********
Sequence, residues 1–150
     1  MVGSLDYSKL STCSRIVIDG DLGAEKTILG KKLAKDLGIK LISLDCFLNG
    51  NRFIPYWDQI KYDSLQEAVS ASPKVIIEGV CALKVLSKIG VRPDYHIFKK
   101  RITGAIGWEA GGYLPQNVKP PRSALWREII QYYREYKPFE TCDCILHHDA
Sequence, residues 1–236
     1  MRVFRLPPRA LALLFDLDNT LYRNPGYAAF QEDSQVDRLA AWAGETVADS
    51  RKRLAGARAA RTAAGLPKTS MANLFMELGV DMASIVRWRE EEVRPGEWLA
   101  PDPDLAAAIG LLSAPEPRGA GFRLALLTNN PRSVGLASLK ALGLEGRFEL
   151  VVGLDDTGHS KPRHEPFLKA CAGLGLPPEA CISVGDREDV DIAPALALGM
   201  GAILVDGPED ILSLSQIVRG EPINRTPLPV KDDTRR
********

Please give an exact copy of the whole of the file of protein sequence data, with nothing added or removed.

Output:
Sequence, residues 1–150
     1  MVGSLDYSKL STCSRIVIDG DLGAEKTILG KKLAKDLGIK LISLDCFLNG
    51  NRFIPYWDQI KYDSLQEAVS ASPKVIIEGV CALKVLSKIG VRPDYHIFKK
   101  RITGAIGWEA GGYLPQNVKP PRSALWREII QYYREYKPFE TCDCILHHDA
Sequence, residues 1–236
     1  MRVFRLPPRA LALLFDLDNT LYRNPGYAAF QEDSQVDRLA AWAGETVADS
    51  RKRLAGARAA RTAAGLPKTS MANLFMELGV DMASIVRWRE EEVRPGEWLA
   101  PDPDLAAAIG LLSAPEPRGA GFRLALLTNN PRSVGLASLK ALGLEGRFEL
   151  VVGLDDTGHS KPRHEPFLKA CAGLGLPPEA CISVGDREDV DIAPALALGM
   201  GAILVDGPED ILSLSQIVRG EPINRTPLPV KDDTRR